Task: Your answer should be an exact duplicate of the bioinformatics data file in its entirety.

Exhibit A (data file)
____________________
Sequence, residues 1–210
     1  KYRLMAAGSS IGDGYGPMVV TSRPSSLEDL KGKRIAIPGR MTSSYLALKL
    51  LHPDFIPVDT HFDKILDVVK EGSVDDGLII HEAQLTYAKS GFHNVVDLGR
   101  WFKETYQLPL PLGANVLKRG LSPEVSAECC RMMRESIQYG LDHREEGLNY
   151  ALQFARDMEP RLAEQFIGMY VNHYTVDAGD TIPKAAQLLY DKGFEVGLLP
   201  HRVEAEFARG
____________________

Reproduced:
Sequence, residues 1–210
     1  KYRLMAAGSS IGDGYGPMVV TSRPSSLEDL KGKRIAIPGR MTSSYLALKL
    51  LHPDFIPVDT HFDKILDVVK EGSVDDGLII HEAQLTYAKS GFHNVVDLGR
   101  WFKETYQLPL PLGANVLKRG LSPEVSAECC RMMRESIQYG LDHREEGLNY
   151  ALQFARDMEP RLAEQFIGMY VNHYTVDAGD TIPKAAQLLY DKGFEVGLLP
   201  HRVEAEFARG